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What's So Tuff About Rhyolite? EarthCache

Hidden : 01/23/2009
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1 out of 5

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Geocache Description:

This earthcache takes you to a developed park with a wheelchair-accessible display of Castle Rock Rhyolite.

About 36 million years ago, there was a catastophic volcanic eruption near Mt. Princeton in the Collegiate Range, about 100 miles to the west. The eruption created a superheated cloud of pumice, ash, and rock that traveled to this area within about an hour. As it landed, it melted together under its own weight and formed a welded tuff, a glassy rock that has become known as the Castle Rock Rhyolite or Wall Mountain Tuff.

Castle Rock Rhyolite has been found throughout Douglas County, up to 20 feet thick in places. Nearby Quarry Mesa was mined for many years and the rhyolite was shipped throughout Colorado and neighboring states.

Park trails lead to the top of Quarry Mesa where you can see what is left of the original deposit. Park developers have placed some large specimens of rhyolite on display near the park entrance.

The earthcache is located at one of the rhyolite specimens. Examine the specimen and notice some of the features.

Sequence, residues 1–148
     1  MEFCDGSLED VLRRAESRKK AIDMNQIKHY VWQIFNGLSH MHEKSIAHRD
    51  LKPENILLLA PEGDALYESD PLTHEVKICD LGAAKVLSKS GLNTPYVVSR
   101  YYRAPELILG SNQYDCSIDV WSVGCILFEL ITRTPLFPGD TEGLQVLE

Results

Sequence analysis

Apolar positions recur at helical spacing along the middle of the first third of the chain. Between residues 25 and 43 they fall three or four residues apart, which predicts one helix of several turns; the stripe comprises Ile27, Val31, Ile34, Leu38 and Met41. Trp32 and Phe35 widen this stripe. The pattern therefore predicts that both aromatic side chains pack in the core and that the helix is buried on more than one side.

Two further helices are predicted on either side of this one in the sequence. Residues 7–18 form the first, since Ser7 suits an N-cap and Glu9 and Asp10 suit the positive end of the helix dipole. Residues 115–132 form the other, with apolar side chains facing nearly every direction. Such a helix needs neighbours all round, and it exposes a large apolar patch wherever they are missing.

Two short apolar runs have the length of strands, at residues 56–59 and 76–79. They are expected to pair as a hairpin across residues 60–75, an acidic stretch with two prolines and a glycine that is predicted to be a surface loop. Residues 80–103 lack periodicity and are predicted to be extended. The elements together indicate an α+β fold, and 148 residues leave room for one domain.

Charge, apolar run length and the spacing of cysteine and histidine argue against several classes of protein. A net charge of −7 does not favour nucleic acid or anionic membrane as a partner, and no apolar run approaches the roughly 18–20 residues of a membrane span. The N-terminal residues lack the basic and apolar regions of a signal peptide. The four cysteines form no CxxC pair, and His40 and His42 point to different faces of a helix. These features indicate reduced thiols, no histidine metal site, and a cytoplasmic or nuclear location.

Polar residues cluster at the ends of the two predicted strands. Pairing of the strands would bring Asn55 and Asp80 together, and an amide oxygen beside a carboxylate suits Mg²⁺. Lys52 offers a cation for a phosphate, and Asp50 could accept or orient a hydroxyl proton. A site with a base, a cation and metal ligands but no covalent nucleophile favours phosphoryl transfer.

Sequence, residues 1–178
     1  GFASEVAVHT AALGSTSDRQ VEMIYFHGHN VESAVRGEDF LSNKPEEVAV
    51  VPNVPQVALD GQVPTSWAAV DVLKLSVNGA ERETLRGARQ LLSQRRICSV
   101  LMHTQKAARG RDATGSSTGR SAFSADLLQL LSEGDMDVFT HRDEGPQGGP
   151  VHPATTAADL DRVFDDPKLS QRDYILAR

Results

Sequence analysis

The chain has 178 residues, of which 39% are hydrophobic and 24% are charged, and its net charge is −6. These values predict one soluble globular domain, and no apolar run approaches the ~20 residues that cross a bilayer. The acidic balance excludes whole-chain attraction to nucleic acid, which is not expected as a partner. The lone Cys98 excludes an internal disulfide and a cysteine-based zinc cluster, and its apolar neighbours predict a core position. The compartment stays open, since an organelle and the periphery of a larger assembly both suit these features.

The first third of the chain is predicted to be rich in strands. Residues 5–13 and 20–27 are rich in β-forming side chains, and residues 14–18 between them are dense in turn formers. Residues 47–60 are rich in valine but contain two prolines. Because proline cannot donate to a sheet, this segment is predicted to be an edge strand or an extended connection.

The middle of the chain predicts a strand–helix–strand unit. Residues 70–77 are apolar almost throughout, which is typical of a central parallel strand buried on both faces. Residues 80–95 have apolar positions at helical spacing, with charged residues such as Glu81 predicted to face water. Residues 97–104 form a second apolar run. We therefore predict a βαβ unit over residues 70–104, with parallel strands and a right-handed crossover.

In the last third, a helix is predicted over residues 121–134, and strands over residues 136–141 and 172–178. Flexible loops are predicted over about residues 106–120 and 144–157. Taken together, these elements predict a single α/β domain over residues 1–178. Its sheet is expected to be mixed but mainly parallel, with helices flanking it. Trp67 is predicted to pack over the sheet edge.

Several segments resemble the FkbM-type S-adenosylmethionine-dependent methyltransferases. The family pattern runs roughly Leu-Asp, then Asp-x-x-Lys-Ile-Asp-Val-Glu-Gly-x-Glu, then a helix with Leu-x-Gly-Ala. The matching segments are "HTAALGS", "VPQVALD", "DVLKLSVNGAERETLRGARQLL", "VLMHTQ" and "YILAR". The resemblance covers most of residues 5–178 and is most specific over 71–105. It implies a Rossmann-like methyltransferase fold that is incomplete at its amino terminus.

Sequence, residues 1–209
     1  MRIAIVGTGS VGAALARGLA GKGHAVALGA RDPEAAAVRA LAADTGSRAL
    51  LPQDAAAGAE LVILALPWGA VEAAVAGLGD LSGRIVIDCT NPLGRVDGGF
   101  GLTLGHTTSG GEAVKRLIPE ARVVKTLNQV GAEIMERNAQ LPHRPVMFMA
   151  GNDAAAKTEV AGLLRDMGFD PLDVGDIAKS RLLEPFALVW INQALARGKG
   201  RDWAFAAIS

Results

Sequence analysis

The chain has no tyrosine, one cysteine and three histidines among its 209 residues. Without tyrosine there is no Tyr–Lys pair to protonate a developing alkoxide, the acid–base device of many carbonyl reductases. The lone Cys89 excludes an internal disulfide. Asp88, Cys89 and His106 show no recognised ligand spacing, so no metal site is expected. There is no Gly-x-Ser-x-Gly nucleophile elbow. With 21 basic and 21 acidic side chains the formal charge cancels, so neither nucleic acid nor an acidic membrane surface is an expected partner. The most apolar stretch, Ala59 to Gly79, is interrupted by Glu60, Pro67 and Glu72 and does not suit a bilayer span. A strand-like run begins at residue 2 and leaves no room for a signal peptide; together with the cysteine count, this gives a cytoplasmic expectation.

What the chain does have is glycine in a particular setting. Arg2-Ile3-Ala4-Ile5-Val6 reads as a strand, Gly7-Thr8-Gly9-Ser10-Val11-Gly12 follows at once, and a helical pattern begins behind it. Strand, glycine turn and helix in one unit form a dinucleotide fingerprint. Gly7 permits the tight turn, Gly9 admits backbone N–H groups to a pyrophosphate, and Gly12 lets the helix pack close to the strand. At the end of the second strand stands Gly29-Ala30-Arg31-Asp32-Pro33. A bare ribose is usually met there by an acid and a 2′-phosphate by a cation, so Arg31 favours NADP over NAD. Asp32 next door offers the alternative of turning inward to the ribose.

On the east side of this specimen, there is a small cavity lined with white crystals, similar to the inside of a geode. Lower down, you can see a former cavity that is completely filled with ochre-colored silica. There are also open cavities visible with no crystals. These cavities are bubbles of fluid or gases that were trapped when the rhyolite solidified.

If you look closely, you can see small specks of crystals. These were formed in the magma before it erupted and traveled downwind along with the molten ash. The tiny white needles are feldspar and the small black specks are biotite. These are the same minerals that you would find in larger crystals in Pikes Peak Granite.

This rhyolite is ideal for a building stone because of its uniformity, durability, and light weight. The glassy matrix does not have cracks that weaken many types of rock. When it does break, it breaks in conchoidal fractures similar to patterns in broken glass or other non-crystalline volcanic rock like obsidian.

To log this cache, answer the following questions in an email to the owner. Do not post the answers in your online log.
1. Estimate the size range of the cavities you can see in this specimen.
2. Estimate the size of the feldspar and biotite crystals in this specimen.

Post a photo of yourself and your GPS in front of the rock specimen.

Additional Hints (No hints available.)